Diastasis Recti – Mommy Blogger

My name is Valerie Caron and i am a new mum to our four month old daughter. I am a physiotherapist that loves to read, play board games, and spend time laughing with friends and family. As a family we like to travel, camp and watch too much Netflix

The purpose of this blog post is for information only. Any advice taken from this post is to the reader’s discretion. This does not replace medical/professional advice from your physician or other practitioner. All clients/patients are different and should be evaluated/assessed/diagnosed/treated in person by their practitioner of choice. Consult your practitioner for any medical issues that you may be experiencing. This blog post is, to the writer’s best knowledge, accurate and sources can be found at the bottom of the article. It is important to note that medicine, physical therapy and other sciences are ever changing and recommendations/available resources are also constantly changing.

 

Diastasis Recti: what is it and what can you do about it?

During pregnancy, our bodies change at a rapid pace to accommodate baby. These changes can include (but are not limited to!)

  • rounding of the upper back
  • forward lean of the neck
  • increase in the curve of the lower back
  • changes in balance
  • varicose veins
  • and one of the most important for baby’s expansion: ligamentous laxity and stretching of connective tissues.

This increased stretchiness of connective tissues can lead to generalized joint pain, back pain, foot pain, difficulties with mobility, urinary incontinence, and diastasis recti. Diastasis recti is often associated with “Mummy Tummy” BUT MORE IMPORTANTLY is associated with drastic losses in function, loss of abdominal control, and pelvic floor problems (prolapse and incontinence).

Diastasis recti has traditionally been defined as a separation of the rectus abdominus muscle along the linea alba of more than 2 cm during and after pregnancy. That’s anatomical-speak for a larger than 2cm gap down the middle of the tummy or your “6-pack” muscle. It is caused by a normal thinning of the linea alba (a fascia responsible for creating tension across the abdomen) during pregnancy and the pressure of the expanding uterus and baby on the abdominal wall. Although the thinning is normal, a diastasis recti (small or large) can cause severe disruption of the abdominal wall and pelvic floor postpartum. This can greatly impact function of the trunk and appearance of the abdomen due to the fascia not being able to create enough tension through the abdominal muscles (http://dianelee.ca/articles/DRA-InTouch.pdf).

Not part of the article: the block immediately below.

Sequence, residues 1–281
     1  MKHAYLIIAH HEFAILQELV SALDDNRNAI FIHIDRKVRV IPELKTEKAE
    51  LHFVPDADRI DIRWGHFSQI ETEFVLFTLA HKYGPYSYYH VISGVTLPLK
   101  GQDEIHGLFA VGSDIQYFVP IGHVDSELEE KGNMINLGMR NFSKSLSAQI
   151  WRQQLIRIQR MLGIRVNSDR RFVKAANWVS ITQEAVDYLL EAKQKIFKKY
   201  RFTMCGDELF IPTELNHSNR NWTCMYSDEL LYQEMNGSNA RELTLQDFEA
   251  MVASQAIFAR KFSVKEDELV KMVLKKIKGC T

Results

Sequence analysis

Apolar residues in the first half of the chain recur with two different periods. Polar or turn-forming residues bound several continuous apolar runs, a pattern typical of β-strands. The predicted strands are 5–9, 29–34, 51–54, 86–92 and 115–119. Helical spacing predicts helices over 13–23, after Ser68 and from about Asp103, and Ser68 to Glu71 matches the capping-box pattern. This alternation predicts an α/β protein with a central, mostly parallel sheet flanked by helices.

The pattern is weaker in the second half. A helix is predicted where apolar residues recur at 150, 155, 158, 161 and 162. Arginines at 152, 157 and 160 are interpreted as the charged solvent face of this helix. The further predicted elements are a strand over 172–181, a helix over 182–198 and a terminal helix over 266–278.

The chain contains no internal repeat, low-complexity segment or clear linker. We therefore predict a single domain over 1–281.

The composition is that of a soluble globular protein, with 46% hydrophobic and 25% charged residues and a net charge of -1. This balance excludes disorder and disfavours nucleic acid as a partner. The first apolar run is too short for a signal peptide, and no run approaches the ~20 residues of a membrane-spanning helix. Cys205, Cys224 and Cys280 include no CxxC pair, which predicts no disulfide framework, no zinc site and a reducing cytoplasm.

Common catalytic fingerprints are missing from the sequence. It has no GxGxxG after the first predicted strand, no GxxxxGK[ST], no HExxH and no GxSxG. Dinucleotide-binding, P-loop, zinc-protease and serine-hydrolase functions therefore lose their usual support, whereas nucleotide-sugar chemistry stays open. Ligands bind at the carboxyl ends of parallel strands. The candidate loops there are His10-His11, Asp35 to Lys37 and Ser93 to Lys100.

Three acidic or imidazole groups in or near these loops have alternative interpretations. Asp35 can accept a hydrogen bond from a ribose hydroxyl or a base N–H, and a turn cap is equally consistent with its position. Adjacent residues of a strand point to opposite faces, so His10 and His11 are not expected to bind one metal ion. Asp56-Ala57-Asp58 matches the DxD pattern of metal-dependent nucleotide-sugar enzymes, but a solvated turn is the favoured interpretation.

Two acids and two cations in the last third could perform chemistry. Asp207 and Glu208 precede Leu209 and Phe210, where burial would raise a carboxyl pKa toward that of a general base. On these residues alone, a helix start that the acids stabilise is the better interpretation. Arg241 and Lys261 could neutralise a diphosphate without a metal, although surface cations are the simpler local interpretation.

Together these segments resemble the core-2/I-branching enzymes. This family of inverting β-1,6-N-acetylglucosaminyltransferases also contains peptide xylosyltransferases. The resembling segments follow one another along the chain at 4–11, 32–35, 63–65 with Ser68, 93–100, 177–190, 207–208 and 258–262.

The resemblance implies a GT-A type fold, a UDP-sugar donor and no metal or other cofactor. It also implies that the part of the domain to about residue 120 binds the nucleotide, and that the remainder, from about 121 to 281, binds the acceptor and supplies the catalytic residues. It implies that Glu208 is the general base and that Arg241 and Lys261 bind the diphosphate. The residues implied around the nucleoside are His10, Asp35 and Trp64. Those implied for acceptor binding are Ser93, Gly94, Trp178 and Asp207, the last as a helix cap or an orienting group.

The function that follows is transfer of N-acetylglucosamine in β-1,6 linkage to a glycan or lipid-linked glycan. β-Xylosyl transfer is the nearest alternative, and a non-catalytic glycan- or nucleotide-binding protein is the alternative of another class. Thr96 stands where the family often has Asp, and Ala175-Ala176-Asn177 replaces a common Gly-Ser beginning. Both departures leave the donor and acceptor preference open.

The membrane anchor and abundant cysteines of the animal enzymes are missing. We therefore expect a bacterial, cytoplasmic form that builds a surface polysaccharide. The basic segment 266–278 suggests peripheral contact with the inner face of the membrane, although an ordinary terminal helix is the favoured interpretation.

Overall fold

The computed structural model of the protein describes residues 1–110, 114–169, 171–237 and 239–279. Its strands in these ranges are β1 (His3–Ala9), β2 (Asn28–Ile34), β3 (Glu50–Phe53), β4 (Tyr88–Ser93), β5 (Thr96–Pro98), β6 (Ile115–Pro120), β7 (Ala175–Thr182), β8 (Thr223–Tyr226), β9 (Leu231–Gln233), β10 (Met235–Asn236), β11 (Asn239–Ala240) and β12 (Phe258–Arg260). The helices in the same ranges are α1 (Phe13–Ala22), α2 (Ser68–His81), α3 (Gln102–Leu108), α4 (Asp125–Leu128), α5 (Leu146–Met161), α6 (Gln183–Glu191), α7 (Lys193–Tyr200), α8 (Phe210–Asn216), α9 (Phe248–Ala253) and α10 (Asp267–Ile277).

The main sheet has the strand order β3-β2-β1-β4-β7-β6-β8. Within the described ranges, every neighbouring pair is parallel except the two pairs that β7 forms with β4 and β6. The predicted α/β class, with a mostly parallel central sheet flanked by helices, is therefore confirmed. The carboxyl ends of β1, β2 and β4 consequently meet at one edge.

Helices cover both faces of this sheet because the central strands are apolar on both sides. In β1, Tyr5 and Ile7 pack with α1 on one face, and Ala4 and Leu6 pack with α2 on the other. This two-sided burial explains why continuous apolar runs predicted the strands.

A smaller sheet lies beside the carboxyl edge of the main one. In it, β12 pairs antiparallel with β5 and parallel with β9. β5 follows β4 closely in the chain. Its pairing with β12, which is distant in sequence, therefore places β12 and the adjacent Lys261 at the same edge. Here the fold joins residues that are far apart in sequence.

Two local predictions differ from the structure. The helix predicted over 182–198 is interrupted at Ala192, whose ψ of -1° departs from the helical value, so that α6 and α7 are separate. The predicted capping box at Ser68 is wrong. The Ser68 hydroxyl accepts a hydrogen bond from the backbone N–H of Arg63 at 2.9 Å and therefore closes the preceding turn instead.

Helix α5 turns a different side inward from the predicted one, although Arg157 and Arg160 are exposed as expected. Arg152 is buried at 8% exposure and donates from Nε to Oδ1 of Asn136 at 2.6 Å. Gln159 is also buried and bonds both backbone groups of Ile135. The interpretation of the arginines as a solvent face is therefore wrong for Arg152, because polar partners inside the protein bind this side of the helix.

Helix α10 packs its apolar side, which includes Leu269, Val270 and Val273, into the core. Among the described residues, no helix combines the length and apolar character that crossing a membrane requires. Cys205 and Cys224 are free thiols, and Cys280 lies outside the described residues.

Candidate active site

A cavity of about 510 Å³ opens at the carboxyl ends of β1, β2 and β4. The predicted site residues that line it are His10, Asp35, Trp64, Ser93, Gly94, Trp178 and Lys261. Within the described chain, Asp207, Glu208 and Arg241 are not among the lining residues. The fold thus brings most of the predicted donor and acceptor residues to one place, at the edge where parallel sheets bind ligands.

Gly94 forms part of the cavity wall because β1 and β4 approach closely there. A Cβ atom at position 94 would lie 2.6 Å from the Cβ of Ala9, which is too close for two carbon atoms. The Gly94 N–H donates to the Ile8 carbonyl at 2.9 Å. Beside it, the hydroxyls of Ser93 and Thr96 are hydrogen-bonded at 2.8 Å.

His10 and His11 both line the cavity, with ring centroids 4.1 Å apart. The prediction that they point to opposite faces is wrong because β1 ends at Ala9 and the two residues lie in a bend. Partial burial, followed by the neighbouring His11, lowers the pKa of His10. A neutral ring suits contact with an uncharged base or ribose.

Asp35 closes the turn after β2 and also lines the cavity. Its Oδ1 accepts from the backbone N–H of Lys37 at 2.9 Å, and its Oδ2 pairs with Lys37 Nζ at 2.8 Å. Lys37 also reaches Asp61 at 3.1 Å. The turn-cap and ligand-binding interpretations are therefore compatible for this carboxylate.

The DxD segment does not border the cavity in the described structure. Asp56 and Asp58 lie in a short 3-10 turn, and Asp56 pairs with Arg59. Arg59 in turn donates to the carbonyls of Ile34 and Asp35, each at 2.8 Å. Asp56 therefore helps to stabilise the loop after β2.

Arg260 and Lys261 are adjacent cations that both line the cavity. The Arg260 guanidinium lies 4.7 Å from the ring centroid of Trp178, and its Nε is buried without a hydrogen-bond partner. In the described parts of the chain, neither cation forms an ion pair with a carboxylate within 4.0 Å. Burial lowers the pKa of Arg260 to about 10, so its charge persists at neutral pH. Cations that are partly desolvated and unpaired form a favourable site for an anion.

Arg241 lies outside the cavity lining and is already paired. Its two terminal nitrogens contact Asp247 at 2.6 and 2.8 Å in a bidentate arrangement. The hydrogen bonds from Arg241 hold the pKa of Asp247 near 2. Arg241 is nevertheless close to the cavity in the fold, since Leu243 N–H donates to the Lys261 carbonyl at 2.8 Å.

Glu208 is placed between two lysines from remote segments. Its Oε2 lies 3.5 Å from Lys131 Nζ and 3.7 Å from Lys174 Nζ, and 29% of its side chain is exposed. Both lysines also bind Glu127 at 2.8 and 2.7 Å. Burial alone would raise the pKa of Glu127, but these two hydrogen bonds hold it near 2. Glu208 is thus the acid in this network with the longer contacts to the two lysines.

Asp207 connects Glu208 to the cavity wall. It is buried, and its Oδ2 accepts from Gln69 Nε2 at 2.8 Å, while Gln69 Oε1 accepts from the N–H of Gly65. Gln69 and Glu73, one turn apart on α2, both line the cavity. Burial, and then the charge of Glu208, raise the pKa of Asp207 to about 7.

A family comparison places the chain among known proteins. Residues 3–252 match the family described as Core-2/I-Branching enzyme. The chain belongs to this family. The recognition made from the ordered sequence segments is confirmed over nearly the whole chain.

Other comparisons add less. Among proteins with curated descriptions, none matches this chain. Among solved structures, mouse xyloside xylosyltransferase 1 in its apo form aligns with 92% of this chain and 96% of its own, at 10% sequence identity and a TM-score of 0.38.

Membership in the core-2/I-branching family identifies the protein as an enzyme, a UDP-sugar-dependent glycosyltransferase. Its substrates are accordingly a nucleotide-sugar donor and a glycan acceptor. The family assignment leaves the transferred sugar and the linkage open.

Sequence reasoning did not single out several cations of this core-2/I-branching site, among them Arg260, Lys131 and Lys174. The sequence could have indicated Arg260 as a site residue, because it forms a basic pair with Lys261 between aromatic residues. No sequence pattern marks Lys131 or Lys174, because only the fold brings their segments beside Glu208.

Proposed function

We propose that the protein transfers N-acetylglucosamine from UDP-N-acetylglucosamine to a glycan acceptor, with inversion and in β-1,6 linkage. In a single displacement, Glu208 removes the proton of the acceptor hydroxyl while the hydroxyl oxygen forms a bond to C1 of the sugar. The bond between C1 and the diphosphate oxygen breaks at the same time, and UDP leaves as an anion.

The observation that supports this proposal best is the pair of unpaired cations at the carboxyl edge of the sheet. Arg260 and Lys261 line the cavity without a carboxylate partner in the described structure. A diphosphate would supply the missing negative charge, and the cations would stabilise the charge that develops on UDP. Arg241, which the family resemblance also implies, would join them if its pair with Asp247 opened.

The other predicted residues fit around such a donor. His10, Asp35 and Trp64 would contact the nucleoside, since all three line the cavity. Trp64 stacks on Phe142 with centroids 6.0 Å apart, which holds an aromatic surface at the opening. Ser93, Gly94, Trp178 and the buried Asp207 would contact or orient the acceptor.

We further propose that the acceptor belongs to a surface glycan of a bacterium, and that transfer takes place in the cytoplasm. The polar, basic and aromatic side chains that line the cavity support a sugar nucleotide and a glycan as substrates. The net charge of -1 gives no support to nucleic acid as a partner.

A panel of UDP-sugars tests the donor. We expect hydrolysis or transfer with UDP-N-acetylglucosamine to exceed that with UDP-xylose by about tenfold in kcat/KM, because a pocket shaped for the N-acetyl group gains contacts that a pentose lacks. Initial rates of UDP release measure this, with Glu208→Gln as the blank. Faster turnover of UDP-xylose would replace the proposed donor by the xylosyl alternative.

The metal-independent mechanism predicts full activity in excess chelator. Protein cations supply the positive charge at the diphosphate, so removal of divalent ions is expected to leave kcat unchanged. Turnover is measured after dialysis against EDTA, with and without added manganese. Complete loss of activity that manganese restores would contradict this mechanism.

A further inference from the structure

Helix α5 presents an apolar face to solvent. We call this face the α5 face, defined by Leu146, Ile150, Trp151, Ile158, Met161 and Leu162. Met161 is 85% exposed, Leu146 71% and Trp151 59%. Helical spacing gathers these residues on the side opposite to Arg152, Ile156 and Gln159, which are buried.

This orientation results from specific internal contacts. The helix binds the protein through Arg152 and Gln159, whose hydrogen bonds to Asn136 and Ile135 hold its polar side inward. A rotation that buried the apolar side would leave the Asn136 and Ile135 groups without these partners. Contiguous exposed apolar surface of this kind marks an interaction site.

Although the size of the separation has long been the main focus of treatment (closing the gap), more recent research is suggesting that treatment should really focus on the “whole picture”. There is currently no standardized distance that is an agreed upon “normal” which is also a big part of why treatment has shifted towards a more multifactorial approach. Often the diastasis recti is one part of a much bigger picture that encompasses a whole person (abs, bum, pelvic floor, hips, back, etc.). Diagnosis of diastasis recti can sometimes be discouraging and conservative management is not always considered. Our bodies have an amazing potential for recovery and I encourage any woman (whether you just had your baby or you had a baby 25 years ago) to get informed and seek advice from a Women’s Health/Pelvic floor therapist!

This is where my plug for Physical Therapy and Pelvic Floor Therapy comes in… Diastasis recti can be challenging to treat conservatively because it relies on your fascia’s ability to recover. Physios are experts in retraining movement synergies, restoring function through new recruitment patterns and providing pain management strategies. Treatment will focus on return to sport/activity, providing education, postural re-education, manual therapy, safe exercise prescription and abdominal training, pelvic floor activation, breathing techniques, pain management strategies and SO MUCH MORE!

If any of this sounds familiar, PLEASE seek out advice from a local pelvic floor physio therapist! It will change your world! There will be a follow up post on pelvic floor therapy and the benefits! We have some amazing therapists here in Saskatoon and area including Charlene Reynolds at Nomad Therapies, Paula Anderson and Marina Forester at Lifemark 8th Street, Lisa Lepage at CBI Health East Location on 8th Street and Haylie Lashta at Warman Physiotherapy and Wellness.

 

RESOURCES:

http://www.juliewiebept.com/diastasis/diastasis-zip-it-up/

http://www.juliewiebept.com/diastasis/dear-diastasis-community-can-we-talk-about-planks/

https://mutusystem.com/mutu-system-blog/you-can-have-a-flat-tummy-and-a-small-diastasis-recti-i-have

http://dianelee.ca/courses-conference-presentations.php

 

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